Facebook and Twitter comments typically echo the rhythms of conversation itself: here, look at this video I found; the ending of True Grit was perplexing; what’s going on today? These tools deepen our ambient intimacy, allowing us to connect, to share, and (hopefully) to listen. These conversations took place long before Twitter, but Twitter makes them visible, while also deepening the pool of potential participants and dispersing them geographically. They also, despite the ephemerality of the messages themselves, provide some of the means by which ideas are preserved. Although an individual tweet may disappear into the cloud, I discover much of what I read through social media, and I’m guessing others have a similar experience. I can then bookmark or blog those ideas and return to them at my convenience and, in the best cases, use that as a launching point for reading and writing scholarship.

I will say that Twitter has made me less interested in writing lengthy pieces. Everything just seems to be easily recommended or rejected in 140 characters. And if it’s not, then we live-Tweet the film as we’re watching it. Actually, I don’t do that anymore and am annoyed when people I follow do it. Especially if I haven’t seen the film. But otherwise, I get into more conversations, even if short ones, on Twitter and Facebook than in even blog comments these days. I would love to have more in person, even with my lack of social grace in talking about film, but everyone’s too busy on their gadgets to pay attention to any real talk. So there are pros and cons.

Another point I want to address with the idea of filmmakers adapting to new viewing and critical habits is that it’s not much different from the way close-ups became such a norm once more and more people were seeing movies on TVs, especially when the VHS and cable booms hit. Nobody complains about that anymore. Even the best directors shoot too much in close-up, but it is commonplace and so it is barely thought of anymore. So what else will continue to arise to meet our habits and ultimately become the next norm?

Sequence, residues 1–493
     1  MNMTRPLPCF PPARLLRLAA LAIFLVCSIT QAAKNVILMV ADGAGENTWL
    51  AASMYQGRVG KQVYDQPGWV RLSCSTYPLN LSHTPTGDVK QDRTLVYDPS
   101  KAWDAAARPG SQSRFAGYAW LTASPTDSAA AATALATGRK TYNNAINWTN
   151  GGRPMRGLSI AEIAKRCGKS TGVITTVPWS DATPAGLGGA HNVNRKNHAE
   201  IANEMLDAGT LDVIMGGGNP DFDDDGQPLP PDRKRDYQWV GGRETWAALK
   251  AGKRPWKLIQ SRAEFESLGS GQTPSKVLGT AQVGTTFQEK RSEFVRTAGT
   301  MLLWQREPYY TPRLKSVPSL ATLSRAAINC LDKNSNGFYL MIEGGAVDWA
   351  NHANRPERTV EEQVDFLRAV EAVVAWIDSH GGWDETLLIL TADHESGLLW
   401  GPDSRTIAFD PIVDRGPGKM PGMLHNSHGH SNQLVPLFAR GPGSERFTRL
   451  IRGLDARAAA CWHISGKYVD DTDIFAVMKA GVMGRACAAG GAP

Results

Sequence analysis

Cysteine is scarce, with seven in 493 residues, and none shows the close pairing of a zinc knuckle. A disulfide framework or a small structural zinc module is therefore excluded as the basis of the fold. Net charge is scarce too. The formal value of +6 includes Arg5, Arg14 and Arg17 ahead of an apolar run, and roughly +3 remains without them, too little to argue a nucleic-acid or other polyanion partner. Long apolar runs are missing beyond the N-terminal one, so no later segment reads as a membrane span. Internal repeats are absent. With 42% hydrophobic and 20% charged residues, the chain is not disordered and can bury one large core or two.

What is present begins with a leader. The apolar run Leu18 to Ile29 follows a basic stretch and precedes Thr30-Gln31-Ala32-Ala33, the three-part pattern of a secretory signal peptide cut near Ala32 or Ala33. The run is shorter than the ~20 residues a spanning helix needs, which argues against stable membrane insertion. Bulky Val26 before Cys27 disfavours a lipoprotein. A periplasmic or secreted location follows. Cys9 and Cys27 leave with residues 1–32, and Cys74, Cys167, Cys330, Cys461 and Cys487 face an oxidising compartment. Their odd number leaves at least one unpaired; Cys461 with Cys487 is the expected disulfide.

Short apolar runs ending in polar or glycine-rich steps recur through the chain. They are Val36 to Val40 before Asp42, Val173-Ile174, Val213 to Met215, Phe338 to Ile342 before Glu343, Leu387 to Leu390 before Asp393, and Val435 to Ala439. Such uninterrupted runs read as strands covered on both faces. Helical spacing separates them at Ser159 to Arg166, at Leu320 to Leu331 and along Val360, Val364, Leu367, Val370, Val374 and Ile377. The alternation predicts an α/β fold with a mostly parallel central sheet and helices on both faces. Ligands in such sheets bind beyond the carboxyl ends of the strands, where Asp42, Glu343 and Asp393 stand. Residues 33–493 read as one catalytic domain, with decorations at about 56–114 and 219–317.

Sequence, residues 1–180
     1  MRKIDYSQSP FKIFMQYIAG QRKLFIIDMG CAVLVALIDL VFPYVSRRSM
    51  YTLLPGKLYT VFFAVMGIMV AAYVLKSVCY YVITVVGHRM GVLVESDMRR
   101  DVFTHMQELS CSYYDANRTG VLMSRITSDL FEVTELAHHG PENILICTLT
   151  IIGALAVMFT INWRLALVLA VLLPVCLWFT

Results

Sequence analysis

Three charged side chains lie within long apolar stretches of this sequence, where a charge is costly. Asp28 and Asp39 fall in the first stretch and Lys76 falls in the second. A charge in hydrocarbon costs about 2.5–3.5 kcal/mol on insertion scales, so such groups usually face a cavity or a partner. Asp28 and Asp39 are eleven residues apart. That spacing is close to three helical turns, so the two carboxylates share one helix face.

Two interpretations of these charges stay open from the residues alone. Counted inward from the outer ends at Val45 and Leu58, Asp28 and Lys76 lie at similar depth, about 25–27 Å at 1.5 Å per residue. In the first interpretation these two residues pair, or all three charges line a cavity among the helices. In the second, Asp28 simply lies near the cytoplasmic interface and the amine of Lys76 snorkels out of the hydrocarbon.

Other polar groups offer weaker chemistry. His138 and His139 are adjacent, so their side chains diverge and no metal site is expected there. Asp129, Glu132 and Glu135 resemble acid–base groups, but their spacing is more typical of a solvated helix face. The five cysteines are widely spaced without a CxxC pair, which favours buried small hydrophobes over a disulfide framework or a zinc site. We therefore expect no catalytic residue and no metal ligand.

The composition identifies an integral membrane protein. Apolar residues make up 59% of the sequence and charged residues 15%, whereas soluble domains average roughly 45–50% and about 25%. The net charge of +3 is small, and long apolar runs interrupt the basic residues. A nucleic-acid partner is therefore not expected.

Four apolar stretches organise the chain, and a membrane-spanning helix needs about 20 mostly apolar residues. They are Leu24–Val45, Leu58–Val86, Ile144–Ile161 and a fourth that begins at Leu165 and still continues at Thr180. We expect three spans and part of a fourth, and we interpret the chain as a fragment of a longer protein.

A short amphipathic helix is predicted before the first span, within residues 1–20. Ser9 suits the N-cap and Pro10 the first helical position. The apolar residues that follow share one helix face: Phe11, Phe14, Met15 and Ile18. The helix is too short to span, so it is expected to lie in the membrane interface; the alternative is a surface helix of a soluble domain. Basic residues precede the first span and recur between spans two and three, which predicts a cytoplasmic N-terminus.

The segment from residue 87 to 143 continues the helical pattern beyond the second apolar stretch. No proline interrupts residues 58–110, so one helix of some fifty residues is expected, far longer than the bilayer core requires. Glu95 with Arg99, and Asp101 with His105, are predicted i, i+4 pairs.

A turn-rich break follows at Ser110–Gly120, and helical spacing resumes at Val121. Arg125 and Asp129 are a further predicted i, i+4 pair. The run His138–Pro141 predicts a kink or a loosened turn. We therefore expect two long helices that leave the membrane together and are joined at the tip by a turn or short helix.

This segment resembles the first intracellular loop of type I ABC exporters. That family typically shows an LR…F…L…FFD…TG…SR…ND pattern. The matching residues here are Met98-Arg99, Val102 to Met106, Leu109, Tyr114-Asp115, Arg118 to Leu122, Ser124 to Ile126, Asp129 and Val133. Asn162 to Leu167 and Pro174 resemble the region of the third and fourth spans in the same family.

I have been vocal lately about how filmmakers need to now, more than ever, really hook us in within the first few minutes. I may be more ADD than some, leading to my post late last year about “giving up” on certain films that couldn’t hold my attention (I just did it again with “Dogtooth”), but I can’t be in the minority with this expectation and prediction. With VOD platforms that allow unlimited titles for a low subscription fee prevailing, many of us are trying out more films — particularly documentaries, thankfully — but we also have the greater ease of stopping those films if we’re not into them right away. I guess it only matters, though, if services like Netflix penalize films that don’t get watched all the way through. Anyone know?

What else is likely to change about movies the more we watch them segmented, small, etc.?